Mass shootings: Thoughts, prayers and bulletproof backpacks


Patrick Casey

Mass shootings: Thoughts, prayers and bulletproof backpacks

By Editorial Board

In lieu of legislative action, children are offered armor.

A private school in Miami has begun offering bulletproof backpack panels to its students. The school has never experienced a shooting, but as an added level of safety, Florida Christian School has given parents the option to purchase the panels for students from pre-school to high school. 

The bulletproof panels the school is offering are not out of the ordinary. As mass shootings continue to increase, an entire industry dedicated to bulletproof products is burgeoning. In August 2013, University of Maryland Eastern Shore announced classrooms would be equipped with lightweight bulletproof whiteboards that can be used as shields during a shooting. Companies like Impact Armor Technologies sell ballistic clipboards. 

Some have criticized Florida Christian School for selling the panels, claiming the decision is an act of normalizing the deadly mass shootings that have become an almost weekly event.

These panels are not normalization. They are a sign the public has accepted the nation is at a standstill in preventing mass shootings.

For mass shootings’ perpetrators, it has almost become a competition to orchestrate the largest display of devastation as shootings become deadlier. After the June 12, 2016, shooting at Pulse nightclub in Orlando, Florida, took 49 lives, it was hard to imagine a higher death toll—until Stephen Paddock claimed 58 lives during the Oct. 1 shooting in Las Vegas, a little over a year later.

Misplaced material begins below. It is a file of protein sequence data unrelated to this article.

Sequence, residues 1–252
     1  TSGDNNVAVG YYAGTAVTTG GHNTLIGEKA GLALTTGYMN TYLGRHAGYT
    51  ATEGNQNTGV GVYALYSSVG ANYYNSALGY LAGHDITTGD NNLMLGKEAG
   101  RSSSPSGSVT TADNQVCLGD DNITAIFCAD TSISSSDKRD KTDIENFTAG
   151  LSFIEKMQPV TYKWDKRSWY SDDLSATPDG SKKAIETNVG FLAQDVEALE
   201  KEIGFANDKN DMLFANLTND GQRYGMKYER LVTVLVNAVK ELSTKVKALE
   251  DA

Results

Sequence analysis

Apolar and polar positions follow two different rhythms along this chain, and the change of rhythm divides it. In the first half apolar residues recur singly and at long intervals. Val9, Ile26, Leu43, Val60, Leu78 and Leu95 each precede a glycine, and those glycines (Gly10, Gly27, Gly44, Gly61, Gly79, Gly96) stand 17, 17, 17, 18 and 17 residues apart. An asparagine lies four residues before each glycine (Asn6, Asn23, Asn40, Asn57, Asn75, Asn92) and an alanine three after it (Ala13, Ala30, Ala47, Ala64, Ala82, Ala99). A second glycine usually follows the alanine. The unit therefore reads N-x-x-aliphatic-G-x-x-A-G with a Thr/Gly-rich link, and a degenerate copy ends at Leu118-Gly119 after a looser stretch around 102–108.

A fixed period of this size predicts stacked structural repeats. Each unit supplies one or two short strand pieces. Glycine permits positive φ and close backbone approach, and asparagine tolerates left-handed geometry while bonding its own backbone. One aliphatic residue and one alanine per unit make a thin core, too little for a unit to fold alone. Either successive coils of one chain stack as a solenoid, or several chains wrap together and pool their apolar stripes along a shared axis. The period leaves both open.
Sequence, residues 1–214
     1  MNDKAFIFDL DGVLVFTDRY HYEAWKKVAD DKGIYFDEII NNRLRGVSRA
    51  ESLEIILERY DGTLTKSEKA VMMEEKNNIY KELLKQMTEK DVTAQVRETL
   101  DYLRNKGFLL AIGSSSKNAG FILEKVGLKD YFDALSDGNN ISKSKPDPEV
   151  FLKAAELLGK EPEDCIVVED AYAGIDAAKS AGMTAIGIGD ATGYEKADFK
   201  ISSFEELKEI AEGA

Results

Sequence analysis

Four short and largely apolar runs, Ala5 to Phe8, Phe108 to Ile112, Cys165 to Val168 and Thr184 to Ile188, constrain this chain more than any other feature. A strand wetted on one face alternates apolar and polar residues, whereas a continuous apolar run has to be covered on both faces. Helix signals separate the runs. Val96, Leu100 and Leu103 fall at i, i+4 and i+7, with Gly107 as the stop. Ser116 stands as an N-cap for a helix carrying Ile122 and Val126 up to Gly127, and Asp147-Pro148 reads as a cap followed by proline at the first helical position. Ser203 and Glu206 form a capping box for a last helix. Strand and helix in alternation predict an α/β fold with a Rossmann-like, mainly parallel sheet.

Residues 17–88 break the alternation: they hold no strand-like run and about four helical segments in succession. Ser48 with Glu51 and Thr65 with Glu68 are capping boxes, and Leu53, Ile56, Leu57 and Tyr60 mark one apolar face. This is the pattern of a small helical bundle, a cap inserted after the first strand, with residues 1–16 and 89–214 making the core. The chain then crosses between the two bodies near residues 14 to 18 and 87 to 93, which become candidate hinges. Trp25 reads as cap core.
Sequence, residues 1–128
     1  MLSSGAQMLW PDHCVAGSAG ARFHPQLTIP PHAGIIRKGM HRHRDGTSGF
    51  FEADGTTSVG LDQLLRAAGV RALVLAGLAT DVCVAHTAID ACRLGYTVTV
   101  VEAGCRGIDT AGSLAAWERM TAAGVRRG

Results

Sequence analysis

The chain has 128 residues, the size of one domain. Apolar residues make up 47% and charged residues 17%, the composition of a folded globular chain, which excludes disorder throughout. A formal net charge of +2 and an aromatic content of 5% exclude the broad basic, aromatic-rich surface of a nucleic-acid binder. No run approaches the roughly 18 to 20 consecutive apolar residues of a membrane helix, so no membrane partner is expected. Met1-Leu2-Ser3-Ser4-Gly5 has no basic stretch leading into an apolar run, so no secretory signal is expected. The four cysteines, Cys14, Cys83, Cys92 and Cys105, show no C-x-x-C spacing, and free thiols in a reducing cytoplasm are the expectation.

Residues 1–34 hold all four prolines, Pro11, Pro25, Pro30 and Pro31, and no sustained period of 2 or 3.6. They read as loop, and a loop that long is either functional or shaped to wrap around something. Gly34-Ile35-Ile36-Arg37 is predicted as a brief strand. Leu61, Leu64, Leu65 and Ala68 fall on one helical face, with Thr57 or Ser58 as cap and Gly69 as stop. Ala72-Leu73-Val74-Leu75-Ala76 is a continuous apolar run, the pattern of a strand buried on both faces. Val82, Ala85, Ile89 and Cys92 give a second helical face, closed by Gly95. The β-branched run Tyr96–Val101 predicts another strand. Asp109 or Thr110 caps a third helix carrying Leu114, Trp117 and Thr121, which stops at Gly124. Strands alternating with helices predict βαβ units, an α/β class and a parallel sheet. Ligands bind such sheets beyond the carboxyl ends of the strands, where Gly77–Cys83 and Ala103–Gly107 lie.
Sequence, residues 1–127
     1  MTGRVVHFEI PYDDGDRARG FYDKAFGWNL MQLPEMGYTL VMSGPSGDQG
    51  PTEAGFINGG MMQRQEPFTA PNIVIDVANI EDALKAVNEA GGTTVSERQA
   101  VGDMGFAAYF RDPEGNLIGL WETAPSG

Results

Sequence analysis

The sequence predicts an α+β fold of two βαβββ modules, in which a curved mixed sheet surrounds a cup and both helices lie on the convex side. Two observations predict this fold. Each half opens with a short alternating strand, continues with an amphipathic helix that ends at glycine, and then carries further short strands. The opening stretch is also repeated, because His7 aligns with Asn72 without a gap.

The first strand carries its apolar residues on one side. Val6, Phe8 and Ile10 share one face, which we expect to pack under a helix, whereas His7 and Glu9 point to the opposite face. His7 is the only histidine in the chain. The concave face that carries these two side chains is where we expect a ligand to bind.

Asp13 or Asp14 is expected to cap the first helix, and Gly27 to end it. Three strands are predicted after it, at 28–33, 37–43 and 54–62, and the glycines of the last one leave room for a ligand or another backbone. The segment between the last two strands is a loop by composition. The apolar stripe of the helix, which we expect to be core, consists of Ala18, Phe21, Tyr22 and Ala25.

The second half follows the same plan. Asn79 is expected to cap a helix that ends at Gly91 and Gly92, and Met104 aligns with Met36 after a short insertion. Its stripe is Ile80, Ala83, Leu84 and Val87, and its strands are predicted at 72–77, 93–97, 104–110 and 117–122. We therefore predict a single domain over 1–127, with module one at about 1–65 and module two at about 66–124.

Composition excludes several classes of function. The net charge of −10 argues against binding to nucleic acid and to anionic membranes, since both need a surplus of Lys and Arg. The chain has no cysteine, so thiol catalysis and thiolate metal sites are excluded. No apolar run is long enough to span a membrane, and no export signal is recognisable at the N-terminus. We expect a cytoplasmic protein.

As death counts continue to rise, Congress remains in a gridlock. On Nov. 8, state Sen. Dianne Feinstein, D-California, reintroduced a bill that would ban assault weapons, ammunition magazines that hold more than ten rounds of ammunition and bump stocks, which allow semi-automatic rifles to fire at faster rates. Considering prior pushback against gun control, the bill’s fate is grim. Since the Las Vegas shooting, multiple measures have been proposed to enact stricter gun legislation, and none have passed. 

When the government does nothing to prevent tragedy, it becomes easier to accept the unacceptable. This was evident after the Nov. 5 church shooting in Sutherland Springs, Texas, which took 26 lives. 

At a press conference the day of the shooting, Wilson County Sheriff Joe Tackitt said, “Media, don’t blow it out there that it should have never happened, because it does happen.”

Some have criticized his comments as normalizing mass shootings and implying they are a natural occurrence. When mass shootings become a mainstay in America, the death, grief and helplessness that follow feel disturbingly standard.

It has become customary for people to desperately attempt to adapt to the looming threat of a mass shooting by selling bulletproof products to parents and children.

Maybe seeing groups of children resort to turning their school supplies into shields will be a tipping point for the U.S. to reevaluate how to respond to mass shootings. If not, the country has abandoned logic in favor of enduring a pattern of trauma.